Protesters to descend on Amazon’s planned Cape Town HQ
A group of protesters is set to picket at tech giant Amazon’s proposed headquarters in Cape Town tomorrow.
The Liesbeek Action Campaign will hold a placard protest against the US-based tech giant.
In April, the City of Cape Town approved the Cape Town-based R4.5 billion River Club Development – a 15-hectare parcel of land for development owned by the Liesbeek Leisure Properties Trust, which will house the new Africa headquarters of US retail giant Amazon.
The city’s concept approval of the re-development of River Club came after the planned precinct received much opposition from environmentalists, the Khoi and the San groups, who had raised concerns that the new development would lead to the land losing its historical significance.
In a complaint lodged with the Planning Appeals Advisory Panel last year, the groups submitted a petition with 400 signatures, saying the construction on the floodplain between the Black and Liesbeek rivers would result in increased risk of flooding and environmental exploitation.
They also argued the area must be preserved because it is at the junction of two rivers, making it ecologically significant.
However, their complaints fell on deaf ears after the City of Cape Town stated the treasured piece of land will unlock economic opportunities for SA, creating up to 19 000 indirect and induced jobs.
Bulldozing its way
In a statement, the protesters say tech giant Amazon wants to build its African headquarters on the floodplain at the confluence of the Black and Liesbeek rivers.
They note the development entails 150 000 square metres of concrete bulk, which violates environmental principles, both nationally and internationally, including the Paris Agreement.
“Already, bulldozers have begun destroying the land – in our view this is unlawful. The Observatory Civic Association and Goringhaicona Khoi Khoin Traditional Indigenous Council have launched legal proceedings and will have this matter heard in court on 24 and 25 November.”
The Liesbeek Action Campaign notes Jeff Bezos, founder of Amazon, announced at COP26 that he will commit $2 billion towards climate change mitigation in Africa.
“Yet, this development is the antithesis of what he is pledging, since it is a green lung of the city, as well as a delicate ecosystem and site of endangered flora and fauna,” says the group.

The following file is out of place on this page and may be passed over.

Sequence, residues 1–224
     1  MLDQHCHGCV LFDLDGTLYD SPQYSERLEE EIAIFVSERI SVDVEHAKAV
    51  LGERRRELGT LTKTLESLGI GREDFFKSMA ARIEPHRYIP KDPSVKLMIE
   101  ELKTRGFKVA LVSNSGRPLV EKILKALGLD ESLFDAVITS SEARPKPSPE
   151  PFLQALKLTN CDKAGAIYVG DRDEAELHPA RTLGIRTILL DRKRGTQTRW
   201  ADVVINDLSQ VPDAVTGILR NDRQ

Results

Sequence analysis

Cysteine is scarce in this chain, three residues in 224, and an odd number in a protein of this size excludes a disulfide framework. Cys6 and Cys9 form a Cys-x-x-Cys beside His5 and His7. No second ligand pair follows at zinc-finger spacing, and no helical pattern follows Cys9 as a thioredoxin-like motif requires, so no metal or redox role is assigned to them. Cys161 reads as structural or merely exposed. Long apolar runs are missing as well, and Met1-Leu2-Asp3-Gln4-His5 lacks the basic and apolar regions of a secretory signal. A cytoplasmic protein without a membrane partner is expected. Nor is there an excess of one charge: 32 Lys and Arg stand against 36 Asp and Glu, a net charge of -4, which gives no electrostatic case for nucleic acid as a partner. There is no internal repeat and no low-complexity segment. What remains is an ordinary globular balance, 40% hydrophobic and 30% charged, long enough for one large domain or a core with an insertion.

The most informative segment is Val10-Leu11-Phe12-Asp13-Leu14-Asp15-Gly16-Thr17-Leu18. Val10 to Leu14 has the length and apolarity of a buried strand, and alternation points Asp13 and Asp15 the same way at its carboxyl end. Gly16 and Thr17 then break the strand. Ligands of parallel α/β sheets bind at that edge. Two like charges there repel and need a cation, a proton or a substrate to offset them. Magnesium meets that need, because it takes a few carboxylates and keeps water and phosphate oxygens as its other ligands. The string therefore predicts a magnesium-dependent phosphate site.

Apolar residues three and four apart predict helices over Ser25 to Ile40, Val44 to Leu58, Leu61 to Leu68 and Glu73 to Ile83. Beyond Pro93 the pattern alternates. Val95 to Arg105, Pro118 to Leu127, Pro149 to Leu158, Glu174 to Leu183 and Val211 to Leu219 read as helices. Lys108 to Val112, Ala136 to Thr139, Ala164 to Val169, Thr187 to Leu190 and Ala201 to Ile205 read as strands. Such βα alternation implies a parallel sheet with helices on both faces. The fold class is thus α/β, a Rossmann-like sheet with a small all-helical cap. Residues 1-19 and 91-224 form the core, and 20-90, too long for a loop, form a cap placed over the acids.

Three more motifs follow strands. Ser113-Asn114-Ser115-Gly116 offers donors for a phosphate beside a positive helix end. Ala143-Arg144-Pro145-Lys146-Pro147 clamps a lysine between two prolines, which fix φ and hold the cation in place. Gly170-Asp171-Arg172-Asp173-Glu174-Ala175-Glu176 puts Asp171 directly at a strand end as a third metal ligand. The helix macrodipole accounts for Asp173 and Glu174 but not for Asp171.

According to the BBC, Bezos said his Bezos Earth Fund will spend $2 billion restoring landscapes and transforming food systems.
It reports he told the COP26 climate conference in Glasgow that he had grasped nature's fragility when he travelled into space.
Entrepreneurs, including Bezos, have been criticised for spending money on trips into space instead of solving problems on Earth.
Amazon has also been criticised by its workers over environmental practices, says the BBC.
The Liesbeek Action Campaign points out the planned Cape Town office area is a ground zero precinct for the San and Khoi.
“A site that recognises the untold holocaust that ensued over a century-and-a-half, wiping out indigenous communities while forcing them into exile. The first Frontier Wars were fought here in 1659, which resulted in a 180-year series of wars of resistance by the San and Khoi, resulting in the genocide of the Cape San, the extinction of sacred animals, ethnocide and forced removals of indigenous people,” says the group.
It adds the area is the epicentre of liberation and resistance, starting in 1510 against the Portuguese, and where land was taken for the first time in 1657 by the Dutch East India Company, as well as sacred terrain to San and Khoi.
“It is where the concept of privatising land for extractive commerce while exploiting indigenous communities and deploying slaves for agricultural labour purposes began in South Africa.”
The protesters also note the area is undergoing a National Heritage grading nomination, and part of a precinct slated to be a Unesco World Heritage Site is under imminent threat of destruction.
According to the group, it is worth noting that Amazon was responsible for emitting 60.64 million metric tonnes of carbon dioxide in 2020.
“We don’t understand the logic of destroying a sacred landscape in Cape Town and then performing on a world stage as a great philanthropist for climate change mitigation. So, on 12 November, we plan to hold a placard/banner demonstration along Liesbeek Parkway and a ceremony at the Liesbeek River to coincide with the end of COP26.”
Amazon SA did not respond to ITWeb’s questions on the matter.